I always look at questions like this, when I have a project going and try to use common sense along with the scientific method. A pair of springs in the rear of an automobile that is close to sixty eight years old have flexed up and down enough to have lost that loving feeling. Also, the spring eyes were bushed with a material designed for lubrication, or replacement at the end of a certain amount of time due to the fact that friction degrades all surfaces if they move against each other. (Slop in the rear can make it drive itself. And, make the car dangerous in curves.) In the life of your vehicle, metallurgy has moved forward by leaps and bounds. When this car was showroom fresh, going to the moon was a preposterous idea. Now, we've been there and done that. If I was looking an owning another early fifties Chevrolet, I would think long and hard about updating at the very least all the suspension parts, front and rear. Plus,updating the brakes is necessary due to the increased speeds by other drivers. Take a clean sheet of paper and on one side write down the amount of money you get your hands on, and are willing to spend. Now double it. On the other side write down the cost of parts you have selected from the pile of catalogs you have collected for reference material. A lot can be learned by reading the descriptions, and studying the contents. Take a long step back and ask yourself what you want when you finish. Or, in plain speak - what is your goal? Going fast means being able to stop fast. Make no mistake, 235 & 261 engines will haul ass with the right recipe. I grew up in the junkyard and my first job after I graduated from high school was picking parts in one. There is no shame in adapting newer, fresher parts on an older car. I know it is not considered wholesome by many to use front clips, but if you read some of Tex Smith's books, he has no scruples about that kind of thing and even gets into using whole frames for lead sleds. I don't know anything about you, or your skill sets; but, just because it's been done a certain way does not mean you have to put on the blinders and follow suit. Personally I would study the frame of your car very carefully and measure everything: track of the wheels, amount of room inside the fender wells, space inside and out of the frame for extra spring width. Some Rodders move the springs of some cars under the frame after doing surgery to the rails to gain space for bigger tires. You are faced withthe fuel tank, exhaust, wheel width, and where the wheels look best in the fender openings. Original springs, incidentally, are fitted with a spring bolt that is off center, using OEM springs with a different rear end necessitates an offset adapter. I have only touched on a few things here, but i I hope you get my drift. Exercise your imagination and work your buttons off to make it your own. The '55-'63 Chevy rear end is good because you are able to keep a couple of chunks in different ratios. Also, I would think about a WC BorgWarner five speed used in Camaros. I could go on but I think I have given you a rough idea to answer your question.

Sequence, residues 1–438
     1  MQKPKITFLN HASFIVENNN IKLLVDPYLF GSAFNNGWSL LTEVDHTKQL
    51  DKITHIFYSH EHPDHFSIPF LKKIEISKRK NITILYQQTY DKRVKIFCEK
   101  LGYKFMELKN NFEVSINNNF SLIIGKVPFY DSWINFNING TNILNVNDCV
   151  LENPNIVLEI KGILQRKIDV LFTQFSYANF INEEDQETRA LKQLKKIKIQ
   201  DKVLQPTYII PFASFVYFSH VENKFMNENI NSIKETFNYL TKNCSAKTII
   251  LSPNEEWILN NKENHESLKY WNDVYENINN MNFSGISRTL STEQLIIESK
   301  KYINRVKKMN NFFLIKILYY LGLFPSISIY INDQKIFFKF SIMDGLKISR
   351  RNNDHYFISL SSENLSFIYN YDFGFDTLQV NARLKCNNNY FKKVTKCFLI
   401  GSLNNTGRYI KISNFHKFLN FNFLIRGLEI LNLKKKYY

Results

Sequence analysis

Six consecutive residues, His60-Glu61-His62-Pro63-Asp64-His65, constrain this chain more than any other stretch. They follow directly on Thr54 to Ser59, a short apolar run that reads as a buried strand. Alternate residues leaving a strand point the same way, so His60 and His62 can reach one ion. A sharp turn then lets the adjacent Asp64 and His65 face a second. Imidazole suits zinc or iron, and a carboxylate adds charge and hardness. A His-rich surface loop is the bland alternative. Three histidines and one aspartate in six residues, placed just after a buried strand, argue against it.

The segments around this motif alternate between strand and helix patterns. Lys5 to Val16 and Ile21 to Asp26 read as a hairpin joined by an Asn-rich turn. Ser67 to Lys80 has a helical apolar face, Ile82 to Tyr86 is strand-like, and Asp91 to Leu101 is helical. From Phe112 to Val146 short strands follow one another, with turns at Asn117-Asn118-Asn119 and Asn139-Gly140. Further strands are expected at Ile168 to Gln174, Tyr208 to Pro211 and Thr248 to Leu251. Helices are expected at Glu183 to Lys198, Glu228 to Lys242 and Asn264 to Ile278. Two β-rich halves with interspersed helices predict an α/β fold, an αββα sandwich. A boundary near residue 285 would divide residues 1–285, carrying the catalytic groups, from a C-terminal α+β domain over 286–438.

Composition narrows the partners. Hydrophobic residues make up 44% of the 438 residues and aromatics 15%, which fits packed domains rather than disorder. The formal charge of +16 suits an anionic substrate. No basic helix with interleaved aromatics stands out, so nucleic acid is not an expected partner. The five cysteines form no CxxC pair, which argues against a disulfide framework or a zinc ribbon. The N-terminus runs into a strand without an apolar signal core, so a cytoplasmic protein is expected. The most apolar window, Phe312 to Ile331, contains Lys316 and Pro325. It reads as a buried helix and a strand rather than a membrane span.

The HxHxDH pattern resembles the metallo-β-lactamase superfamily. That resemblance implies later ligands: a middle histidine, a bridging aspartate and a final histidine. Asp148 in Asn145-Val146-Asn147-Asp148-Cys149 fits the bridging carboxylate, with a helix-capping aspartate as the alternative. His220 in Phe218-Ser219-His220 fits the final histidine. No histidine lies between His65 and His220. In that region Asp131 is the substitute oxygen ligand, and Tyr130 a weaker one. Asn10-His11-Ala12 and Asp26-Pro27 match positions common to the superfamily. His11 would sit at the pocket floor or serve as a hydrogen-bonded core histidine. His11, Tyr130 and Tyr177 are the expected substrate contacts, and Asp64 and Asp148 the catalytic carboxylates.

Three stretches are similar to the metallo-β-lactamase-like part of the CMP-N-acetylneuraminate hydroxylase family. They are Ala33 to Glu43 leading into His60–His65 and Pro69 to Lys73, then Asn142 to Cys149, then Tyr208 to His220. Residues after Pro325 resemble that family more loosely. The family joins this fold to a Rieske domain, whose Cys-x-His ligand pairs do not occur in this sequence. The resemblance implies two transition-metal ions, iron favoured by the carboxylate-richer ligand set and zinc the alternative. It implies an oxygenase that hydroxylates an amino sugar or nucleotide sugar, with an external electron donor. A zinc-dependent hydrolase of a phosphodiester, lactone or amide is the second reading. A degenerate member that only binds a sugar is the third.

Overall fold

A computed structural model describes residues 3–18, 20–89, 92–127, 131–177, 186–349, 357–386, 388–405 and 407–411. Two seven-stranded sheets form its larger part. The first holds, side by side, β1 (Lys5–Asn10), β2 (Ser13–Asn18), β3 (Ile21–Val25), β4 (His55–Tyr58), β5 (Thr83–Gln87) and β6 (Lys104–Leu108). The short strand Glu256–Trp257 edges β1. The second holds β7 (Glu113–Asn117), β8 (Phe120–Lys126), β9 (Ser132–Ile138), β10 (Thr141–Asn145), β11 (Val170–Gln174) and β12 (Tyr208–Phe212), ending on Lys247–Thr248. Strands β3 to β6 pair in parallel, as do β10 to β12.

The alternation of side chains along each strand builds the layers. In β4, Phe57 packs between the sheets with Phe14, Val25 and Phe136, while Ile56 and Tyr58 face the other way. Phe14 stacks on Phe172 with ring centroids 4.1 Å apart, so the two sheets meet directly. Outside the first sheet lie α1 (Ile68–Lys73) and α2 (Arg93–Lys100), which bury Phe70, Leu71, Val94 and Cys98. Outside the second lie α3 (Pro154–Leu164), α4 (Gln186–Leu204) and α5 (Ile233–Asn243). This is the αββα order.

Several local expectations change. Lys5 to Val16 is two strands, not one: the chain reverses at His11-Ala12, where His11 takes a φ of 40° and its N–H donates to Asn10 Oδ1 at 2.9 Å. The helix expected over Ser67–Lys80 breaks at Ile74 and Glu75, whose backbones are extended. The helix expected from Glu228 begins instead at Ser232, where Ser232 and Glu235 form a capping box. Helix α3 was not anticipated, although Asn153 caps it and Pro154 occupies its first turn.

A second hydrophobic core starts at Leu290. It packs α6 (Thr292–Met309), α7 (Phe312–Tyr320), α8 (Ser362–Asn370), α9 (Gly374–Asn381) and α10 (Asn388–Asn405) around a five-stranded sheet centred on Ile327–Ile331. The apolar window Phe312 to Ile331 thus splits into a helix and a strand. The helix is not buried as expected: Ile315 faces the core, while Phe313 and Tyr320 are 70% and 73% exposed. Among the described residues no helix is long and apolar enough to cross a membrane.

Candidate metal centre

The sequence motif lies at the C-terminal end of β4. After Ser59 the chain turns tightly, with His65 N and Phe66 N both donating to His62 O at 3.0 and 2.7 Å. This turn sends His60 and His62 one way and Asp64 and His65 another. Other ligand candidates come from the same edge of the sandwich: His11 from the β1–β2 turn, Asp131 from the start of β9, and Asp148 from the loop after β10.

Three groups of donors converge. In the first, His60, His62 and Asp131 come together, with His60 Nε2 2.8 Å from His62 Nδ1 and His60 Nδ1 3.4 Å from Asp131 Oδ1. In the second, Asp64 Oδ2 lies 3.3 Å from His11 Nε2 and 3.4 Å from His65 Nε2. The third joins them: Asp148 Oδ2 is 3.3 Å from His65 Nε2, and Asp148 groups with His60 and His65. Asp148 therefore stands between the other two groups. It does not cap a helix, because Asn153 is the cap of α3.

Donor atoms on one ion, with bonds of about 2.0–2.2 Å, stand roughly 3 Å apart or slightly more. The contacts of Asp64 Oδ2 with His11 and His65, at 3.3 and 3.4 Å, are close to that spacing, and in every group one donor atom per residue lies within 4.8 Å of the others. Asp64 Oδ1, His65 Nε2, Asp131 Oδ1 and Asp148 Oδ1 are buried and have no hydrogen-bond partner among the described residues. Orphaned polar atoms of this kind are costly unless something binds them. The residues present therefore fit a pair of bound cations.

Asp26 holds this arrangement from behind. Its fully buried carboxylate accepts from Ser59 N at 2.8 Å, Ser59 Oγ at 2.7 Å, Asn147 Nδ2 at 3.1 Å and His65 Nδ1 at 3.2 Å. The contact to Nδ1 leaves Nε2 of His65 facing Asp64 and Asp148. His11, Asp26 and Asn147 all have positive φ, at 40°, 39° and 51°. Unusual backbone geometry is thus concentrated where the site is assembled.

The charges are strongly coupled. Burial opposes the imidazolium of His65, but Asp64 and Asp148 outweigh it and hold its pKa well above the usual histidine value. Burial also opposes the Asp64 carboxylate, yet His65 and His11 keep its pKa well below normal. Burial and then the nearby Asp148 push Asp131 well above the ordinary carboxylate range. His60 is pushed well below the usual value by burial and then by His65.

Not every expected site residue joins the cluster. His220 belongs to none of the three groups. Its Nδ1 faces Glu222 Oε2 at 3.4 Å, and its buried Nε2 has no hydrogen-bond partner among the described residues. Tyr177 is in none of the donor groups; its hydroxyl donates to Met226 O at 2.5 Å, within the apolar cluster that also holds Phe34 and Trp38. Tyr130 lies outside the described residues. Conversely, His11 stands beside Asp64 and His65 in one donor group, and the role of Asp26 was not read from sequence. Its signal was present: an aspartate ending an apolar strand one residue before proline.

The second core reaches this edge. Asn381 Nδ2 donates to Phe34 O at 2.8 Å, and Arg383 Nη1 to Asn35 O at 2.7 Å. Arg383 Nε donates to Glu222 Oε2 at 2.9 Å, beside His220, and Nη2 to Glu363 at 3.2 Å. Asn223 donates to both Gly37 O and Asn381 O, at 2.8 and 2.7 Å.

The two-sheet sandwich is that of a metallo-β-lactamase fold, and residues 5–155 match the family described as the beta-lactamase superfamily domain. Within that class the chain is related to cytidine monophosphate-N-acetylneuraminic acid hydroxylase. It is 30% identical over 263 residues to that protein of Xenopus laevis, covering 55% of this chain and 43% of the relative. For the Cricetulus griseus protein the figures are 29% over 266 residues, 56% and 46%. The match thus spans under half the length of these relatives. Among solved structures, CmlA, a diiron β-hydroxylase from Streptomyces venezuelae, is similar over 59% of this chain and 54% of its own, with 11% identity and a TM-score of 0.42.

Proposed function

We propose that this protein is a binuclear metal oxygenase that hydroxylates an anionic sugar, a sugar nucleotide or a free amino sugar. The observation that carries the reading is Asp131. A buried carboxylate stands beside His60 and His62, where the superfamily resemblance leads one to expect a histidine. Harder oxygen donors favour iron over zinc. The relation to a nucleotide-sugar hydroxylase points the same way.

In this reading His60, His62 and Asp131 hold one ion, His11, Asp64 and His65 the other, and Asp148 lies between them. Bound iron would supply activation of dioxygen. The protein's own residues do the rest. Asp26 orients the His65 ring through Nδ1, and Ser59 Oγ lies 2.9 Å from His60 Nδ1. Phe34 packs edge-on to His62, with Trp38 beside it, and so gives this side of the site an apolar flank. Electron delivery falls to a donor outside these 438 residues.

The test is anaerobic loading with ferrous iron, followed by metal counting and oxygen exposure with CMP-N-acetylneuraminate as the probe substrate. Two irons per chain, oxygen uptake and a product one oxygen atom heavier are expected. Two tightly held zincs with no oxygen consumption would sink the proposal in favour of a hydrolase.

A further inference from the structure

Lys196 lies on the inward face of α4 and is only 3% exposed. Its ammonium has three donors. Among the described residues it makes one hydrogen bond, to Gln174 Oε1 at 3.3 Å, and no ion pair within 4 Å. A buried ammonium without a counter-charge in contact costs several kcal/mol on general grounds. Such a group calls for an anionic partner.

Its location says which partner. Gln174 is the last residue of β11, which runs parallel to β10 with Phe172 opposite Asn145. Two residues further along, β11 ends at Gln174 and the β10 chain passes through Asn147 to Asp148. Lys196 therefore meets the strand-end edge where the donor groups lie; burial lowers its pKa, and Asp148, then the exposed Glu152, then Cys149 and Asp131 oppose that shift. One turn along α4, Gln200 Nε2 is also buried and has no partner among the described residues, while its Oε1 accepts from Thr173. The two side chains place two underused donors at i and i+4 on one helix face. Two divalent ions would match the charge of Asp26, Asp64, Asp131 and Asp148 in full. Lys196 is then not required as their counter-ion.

Last edited: May 27, 2018